“The reason why they have been hearing of the name Kelvin is because of what I just told you now. I am the Kelvin; I am like two million Kelvin. I am not a kidnapper. What is happening as a result of our activities in the state and the country is for the federal government to know that we are angry,” he explained.
He warned that the cease fire and peace currently being enjoyed in Delta State was not the work of men of the Joint Task Force or of large numbers of security men parading the streets, but that his group had simply decided to give peace a chance by giving the State and Federal Government the benefit of the doubt.
However, he warned, “After this 60 days ultimatum, if we do not see any meaningful attempt by the authorities to address our plights, we would shut down all oil facilities in Urhobo land and there is no amount of security personnel that can stop us. I know I cannot fight the federal government alone but I will do things that will touch their marrow.”
He promised to “strike decisively and promptly with a devastating effect,” adding that his no empty threat as the people are behind his group in this struggle in this struggle, and to fear is to die many times.
“We have to take our destiny into our hands, since the Nigeria nation has failed us,” he said.
“The government must listen to us because while Boko Haram will be destroying in the north we will be destroying from this way. We will destroy all the well heads in the whole of Urhobo nation not only in Kokori after the expiration of the 60 days ultimatum. Then the Federal government will know that we don’t make empty threats. But we will remain calm within the next 60 days, but if they think we cannot do anything then they will hear from us after the expiration of the 60 days ultimatum.”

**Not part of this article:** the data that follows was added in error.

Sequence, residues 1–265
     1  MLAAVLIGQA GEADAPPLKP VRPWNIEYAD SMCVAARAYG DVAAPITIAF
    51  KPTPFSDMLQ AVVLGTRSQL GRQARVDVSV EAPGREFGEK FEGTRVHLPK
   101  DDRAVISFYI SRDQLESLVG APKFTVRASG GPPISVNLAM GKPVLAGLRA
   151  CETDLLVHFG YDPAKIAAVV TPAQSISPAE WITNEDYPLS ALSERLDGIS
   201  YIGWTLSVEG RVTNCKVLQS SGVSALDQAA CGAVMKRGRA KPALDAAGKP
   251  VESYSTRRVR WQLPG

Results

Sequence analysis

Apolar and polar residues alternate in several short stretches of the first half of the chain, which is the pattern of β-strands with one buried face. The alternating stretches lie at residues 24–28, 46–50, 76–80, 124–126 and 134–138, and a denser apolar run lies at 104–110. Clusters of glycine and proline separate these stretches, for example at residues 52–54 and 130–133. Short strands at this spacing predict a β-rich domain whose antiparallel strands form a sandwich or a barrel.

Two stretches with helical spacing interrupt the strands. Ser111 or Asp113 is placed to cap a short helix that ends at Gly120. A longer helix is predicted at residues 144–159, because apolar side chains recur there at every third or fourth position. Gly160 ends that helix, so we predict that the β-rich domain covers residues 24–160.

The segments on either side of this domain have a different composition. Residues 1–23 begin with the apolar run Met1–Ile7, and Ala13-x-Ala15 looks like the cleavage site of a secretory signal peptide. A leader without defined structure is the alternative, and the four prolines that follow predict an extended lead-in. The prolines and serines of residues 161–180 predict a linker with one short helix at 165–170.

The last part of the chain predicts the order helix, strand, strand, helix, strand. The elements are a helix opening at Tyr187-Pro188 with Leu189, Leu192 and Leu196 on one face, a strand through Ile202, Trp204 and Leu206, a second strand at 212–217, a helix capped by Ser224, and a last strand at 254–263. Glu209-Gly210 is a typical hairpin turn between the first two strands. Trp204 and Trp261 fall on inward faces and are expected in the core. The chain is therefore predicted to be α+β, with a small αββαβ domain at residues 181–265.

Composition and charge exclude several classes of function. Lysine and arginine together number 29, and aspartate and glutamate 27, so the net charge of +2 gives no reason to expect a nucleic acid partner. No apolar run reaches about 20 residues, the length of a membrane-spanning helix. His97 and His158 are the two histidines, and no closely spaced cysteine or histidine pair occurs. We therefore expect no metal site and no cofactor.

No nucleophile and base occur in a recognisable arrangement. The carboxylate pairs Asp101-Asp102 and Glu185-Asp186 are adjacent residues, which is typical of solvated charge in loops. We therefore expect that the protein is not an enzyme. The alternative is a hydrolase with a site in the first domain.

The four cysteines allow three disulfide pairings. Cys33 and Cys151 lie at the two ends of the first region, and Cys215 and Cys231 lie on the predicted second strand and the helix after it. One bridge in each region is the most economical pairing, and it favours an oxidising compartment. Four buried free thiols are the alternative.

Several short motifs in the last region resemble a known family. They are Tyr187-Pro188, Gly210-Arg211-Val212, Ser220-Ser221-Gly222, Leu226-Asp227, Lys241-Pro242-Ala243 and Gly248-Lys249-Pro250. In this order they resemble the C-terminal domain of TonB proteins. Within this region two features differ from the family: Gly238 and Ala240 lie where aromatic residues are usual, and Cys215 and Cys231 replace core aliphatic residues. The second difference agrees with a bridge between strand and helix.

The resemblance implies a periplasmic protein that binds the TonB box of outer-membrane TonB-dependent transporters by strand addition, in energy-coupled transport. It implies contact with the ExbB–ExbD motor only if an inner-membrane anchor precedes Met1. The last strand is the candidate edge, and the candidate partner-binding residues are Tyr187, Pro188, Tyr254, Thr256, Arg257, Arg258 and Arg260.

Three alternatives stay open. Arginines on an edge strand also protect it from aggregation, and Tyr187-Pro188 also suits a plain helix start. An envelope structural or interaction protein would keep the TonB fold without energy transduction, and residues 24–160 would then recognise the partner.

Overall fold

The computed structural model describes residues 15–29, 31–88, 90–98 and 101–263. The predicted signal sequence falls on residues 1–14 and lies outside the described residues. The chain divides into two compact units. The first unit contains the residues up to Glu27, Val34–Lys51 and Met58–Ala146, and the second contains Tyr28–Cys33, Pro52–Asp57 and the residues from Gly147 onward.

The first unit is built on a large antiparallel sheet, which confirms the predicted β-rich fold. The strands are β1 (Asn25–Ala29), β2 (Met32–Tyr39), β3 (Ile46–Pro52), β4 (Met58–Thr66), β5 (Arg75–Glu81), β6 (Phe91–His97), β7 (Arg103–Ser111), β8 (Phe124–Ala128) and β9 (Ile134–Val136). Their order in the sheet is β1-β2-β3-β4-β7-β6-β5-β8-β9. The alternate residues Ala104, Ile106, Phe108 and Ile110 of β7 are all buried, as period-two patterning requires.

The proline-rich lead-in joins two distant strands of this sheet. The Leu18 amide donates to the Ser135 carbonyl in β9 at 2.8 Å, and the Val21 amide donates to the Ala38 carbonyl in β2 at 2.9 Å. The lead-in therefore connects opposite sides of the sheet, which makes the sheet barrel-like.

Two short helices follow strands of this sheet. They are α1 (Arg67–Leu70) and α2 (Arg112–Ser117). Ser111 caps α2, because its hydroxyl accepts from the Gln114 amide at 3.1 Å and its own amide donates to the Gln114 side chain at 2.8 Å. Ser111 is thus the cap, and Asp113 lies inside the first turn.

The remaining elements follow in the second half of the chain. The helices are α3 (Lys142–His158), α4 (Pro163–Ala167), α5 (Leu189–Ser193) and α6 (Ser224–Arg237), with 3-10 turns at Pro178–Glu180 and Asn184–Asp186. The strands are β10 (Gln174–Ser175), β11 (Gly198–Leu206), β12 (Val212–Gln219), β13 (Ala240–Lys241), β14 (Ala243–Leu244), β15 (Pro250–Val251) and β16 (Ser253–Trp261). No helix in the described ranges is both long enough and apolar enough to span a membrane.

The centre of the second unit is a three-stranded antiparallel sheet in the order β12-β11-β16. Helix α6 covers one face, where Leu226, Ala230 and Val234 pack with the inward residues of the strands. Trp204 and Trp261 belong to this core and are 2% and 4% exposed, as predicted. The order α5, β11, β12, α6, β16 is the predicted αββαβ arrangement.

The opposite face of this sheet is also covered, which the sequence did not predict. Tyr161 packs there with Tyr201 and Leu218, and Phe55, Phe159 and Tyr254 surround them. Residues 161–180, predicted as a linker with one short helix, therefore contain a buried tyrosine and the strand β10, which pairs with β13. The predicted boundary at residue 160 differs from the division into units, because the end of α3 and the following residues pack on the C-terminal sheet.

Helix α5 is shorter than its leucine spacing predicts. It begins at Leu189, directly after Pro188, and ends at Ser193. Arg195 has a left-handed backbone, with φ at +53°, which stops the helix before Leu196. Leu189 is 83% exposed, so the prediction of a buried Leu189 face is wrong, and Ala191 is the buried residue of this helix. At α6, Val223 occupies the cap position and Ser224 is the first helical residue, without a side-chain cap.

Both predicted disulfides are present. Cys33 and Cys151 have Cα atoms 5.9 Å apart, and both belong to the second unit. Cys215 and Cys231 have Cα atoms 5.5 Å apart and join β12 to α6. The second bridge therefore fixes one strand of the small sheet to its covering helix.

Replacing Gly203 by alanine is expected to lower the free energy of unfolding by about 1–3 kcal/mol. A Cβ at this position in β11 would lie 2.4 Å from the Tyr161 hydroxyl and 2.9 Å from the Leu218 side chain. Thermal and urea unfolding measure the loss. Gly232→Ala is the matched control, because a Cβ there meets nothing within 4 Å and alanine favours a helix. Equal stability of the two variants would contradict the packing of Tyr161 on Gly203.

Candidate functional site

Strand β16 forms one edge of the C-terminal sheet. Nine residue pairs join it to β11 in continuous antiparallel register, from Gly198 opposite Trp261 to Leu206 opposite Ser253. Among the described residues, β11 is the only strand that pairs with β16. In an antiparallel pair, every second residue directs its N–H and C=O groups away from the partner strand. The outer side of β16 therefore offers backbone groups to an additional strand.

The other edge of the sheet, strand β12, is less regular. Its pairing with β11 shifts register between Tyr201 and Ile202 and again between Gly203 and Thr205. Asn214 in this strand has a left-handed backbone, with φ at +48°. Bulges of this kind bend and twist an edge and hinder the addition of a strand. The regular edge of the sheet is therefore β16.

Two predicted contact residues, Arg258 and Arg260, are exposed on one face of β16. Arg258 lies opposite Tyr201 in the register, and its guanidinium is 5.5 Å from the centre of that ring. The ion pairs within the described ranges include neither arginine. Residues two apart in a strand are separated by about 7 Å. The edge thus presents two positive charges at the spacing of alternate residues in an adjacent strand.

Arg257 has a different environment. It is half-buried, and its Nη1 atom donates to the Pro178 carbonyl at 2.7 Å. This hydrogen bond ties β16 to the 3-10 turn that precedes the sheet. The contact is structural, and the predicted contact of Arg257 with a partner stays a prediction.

Several members of the community expressed their support of Kelvin and his dreaded gang. One, who pleaded for anonymity stated that they were throwing their weight behind Kelvin.
“Kokori is suffering,” he declared. “There are no jobs for the youths, graduates whom their parents borrowed money to see them through their tertiary education roam the streets with nothing to do and business has been very slow for our market women because there is no flow of income. What we want the government to do is to build schools, hospitals, banks and cottage industries that can employ the men and teeming youths of the community.”
Chief Saroke Edah and two other women who spoke on behalf of the women described Kelvin as God-sent, and backed up his complaints that despite their feeding the nation with their God-given oil wealth for the past 50 years, their community lacks good infrastructure and schools, as well as empowerment for the youths and women.
“We thank God for using our son, Kelvin to fight for our cause,” they said. “He is not a criminal, as the government of Delta State wants the world to believe. Him and his group are fighting for what is just, equitable and legitimate. Therefore, he should not be given a bad name. If the government had provided jobs for these youths and our husbands, would they take up arms to ask for what rightly belongs to them? Where the oil is found in Kokori, the land belongs to Kelvin’s grandfather and yet the family has nothing to show for over fifty years of oil exploration. Is this not injustice?”